Conserving Quebec House’s paintings
Among the historic collections at Quebec House are several paintings – including portraits of Henrietta Wolfe, James Wolfe and George Warde – that required the expertise of our conservators. Now that the work has been done, the original colours and details shine through once again and they can be enjoyed by our visitors as they would have originally looked.
Portrait of Henrietta Wolfe
The oil painting on display at Quebec House, labelled ‘Henrietta Thompson, Mrs Edward Wolfe (1703-1764)’ shows the mother of General James Wolfe and is attributed to George Knapton.
When the National Trust acquired it in 2017, both the painting and its frame needed attention. Thanks to a donation of almost £6,000 from the Chislehurst Orpington NT Centre, we were able to get this much-needed conservation work done.
Conserving the painting
Our paintings conservator, Melanie, discovered the condition of the painting was worse than we had realised, possibly never having been cleaned properly before. It wasn’t just one layer of varnish that needed removing and reapplying, but many.
The varnish had yellowed over time and started to crack, so was no longer protecting the paint underneath. It also meant we couldn’t see the colours the painter had originally intended. After the removal of around 300 years of dirt, we were able to see new details for the first time.
Restoring the frame
The work done to the frame was carried out at Quebec House, partially due to its extremely fragile and flaking gilding. We were able to put on some Conservation in Action sessions to allow our visitors to watch while the frames conservator worked.
Once work was completed on the painting, the frames conservator fitted it into the frame with the correct support and conservation backing to keep it protected.
After conservation work
With the thick layers of old varnish removed, the original colours as the artist would have painted them now shine through, showing the dress isn't bright yellow as previously thought. The lighter details, previously hidden beneath the varnish, can now be clearly seen, such as a green curtain as part of the background, the details in the lacework, and pearls around her arms.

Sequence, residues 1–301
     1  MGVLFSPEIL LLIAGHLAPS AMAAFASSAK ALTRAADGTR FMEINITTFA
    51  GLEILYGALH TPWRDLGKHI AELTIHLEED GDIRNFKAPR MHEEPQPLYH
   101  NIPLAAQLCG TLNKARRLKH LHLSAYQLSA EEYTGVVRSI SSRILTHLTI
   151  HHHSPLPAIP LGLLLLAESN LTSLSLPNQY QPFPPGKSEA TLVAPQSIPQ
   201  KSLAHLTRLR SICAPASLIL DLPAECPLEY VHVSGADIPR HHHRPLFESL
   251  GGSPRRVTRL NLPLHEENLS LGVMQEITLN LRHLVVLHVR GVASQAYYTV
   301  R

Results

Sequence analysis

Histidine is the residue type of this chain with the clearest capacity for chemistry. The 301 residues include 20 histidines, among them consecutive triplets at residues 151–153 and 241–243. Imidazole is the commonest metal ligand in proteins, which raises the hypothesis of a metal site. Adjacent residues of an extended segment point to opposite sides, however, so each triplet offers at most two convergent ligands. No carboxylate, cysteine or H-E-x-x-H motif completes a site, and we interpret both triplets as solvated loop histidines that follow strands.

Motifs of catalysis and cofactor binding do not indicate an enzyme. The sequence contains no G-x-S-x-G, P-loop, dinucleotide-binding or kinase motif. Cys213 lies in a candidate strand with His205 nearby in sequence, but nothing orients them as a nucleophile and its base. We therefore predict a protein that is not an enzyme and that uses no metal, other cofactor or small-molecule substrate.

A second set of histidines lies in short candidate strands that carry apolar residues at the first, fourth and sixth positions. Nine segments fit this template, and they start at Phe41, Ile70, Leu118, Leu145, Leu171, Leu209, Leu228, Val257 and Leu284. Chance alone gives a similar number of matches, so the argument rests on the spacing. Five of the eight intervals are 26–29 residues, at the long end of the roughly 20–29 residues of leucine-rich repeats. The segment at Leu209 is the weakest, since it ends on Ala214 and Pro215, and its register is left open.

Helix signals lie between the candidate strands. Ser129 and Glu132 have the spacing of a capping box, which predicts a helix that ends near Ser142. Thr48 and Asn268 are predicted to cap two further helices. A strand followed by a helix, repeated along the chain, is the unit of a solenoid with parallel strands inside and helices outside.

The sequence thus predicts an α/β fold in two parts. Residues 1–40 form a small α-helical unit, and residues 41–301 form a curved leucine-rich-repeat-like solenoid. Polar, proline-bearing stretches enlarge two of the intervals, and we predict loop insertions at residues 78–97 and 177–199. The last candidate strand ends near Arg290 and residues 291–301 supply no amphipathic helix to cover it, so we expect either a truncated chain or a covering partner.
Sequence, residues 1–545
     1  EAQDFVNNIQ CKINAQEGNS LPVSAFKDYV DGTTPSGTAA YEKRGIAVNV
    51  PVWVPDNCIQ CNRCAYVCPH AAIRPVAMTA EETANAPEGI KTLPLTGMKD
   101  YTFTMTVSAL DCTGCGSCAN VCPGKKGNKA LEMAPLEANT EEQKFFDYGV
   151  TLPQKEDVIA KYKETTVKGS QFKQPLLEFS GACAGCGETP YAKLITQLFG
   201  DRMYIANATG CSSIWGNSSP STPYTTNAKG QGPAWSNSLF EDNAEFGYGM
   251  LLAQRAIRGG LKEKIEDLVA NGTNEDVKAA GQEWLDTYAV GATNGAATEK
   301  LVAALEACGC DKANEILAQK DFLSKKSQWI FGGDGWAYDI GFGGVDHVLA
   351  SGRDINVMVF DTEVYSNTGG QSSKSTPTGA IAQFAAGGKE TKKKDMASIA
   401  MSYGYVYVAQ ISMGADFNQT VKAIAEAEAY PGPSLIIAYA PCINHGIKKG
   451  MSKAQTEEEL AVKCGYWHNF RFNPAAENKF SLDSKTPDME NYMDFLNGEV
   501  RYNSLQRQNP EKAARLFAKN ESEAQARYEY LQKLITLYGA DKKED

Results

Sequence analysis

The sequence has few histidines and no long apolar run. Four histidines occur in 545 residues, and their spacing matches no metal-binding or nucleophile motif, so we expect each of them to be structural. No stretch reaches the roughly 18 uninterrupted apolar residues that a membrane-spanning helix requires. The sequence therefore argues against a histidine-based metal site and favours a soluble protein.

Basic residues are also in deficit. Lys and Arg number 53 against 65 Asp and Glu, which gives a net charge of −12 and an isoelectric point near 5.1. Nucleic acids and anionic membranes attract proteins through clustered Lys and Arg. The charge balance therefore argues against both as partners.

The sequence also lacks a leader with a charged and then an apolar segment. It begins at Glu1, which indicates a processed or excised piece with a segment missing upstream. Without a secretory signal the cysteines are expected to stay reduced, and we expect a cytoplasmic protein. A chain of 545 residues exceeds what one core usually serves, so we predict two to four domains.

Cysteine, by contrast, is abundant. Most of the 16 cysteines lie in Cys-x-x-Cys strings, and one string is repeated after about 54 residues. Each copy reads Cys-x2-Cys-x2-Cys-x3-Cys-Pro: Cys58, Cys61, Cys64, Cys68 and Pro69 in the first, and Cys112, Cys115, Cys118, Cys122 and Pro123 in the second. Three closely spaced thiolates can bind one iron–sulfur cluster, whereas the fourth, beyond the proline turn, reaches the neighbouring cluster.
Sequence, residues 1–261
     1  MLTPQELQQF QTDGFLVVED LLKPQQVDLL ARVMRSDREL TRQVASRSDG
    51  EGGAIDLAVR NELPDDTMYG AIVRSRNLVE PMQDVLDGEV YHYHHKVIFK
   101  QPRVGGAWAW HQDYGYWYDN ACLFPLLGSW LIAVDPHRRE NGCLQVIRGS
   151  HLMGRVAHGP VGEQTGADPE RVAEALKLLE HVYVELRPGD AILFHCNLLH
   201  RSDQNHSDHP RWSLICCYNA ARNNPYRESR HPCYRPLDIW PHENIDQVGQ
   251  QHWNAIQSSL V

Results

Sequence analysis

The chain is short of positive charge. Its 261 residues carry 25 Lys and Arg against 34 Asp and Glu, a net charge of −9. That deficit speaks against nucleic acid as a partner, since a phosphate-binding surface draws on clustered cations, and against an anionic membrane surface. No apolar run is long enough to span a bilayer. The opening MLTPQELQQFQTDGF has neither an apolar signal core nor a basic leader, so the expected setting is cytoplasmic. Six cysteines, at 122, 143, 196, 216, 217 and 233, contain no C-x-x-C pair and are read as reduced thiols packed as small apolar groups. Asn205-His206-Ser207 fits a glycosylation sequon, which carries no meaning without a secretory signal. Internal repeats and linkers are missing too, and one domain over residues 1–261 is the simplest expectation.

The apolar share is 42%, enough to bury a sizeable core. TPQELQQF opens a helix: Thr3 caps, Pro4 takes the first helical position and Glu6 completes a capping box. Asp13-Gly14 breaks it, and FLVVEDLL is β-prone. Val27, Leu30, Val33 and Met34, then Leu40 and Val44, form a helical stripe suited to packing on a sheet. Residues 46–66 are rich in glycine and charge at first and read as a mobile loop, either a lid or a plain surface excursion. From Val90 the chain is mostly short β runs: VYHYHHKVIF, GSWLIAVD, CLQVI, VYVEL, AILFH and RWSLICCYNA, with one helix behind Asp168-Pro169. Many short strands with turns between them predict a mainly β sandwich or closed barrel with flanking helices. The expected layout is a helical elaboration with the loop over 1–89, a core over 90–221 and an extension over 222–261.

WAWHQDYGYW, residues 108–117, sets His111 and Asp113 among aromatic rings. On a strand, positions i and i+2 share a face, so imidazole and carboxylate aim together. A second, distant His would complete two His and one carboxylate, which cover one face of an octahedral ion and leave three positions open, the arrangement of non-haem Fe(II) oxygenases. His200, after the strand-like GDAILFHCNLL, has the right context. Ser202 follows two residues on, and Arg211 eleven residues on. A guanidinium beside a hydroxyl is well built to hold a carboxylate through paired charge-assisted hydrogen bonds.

James Wolfe and George Warde paintings
With the help of The Art Fund, Quebec House purchased two Georgian paintings connected to General Wolfe and his childhood home. Both portraits are the work of Benjamin West, a founder member of the Royal Academy, and depict military hero James Wolfe and his lifelong friend George Warde, who lived at neighbouring Squerryes Court.
A lifelong friendship
These paintings allow this tale of friendship to be seen and help create the connection with the young Wolfe and his childhood in Westerham, which is central to the story at Quebec House. George commissioned these two companion paintings; ‘Portrait of George Warde (1725-1803)’ and ‘Portrait of General James Wolfe (1732-1759)’, which were completed in 1777 by West, several years after Wolfe’s death.
Conserving West's work
Over the past 250 or so years, the varnish on both oil paintings had become yellowed and cracked. In some areas, the paint beneath it had become raised and cracked leading to small losses, particularly on the portrait of George Warde.
Our conservator got to work, removing the deteriorating varnish. Surface treatment was required due to the flaking paint. Any paint losses were stabilised to stop any possible further flaking, before a new coat of varnish was applied. On the posthumous portrait of General Wolfe, there was a small dent and tear to the canvas, which was carefully mended and restored.
The paintings restored
It's fantastic to see the difference this conservation work has had on the paintings, which are now full of life and colour. The detailing around the bird cage and colours in the background are particularly vibrant now, and the new varnish will help protect the painting over the coming years.
With thanks to our specialist conservators, the Chislehurst Orpington NT Centre and your support, these three paintings can now be enjoyed and appreciated by visitors for many more years to come.
Find out about the life of General James Wolfe, who led British forces to victory at the Battle of Quebec, from where this Georgian house takes its name.
Explore this Georgian town house where General James Wolfe grew up. Discover information about his military life, including the Battle of Quebec after which the house is named.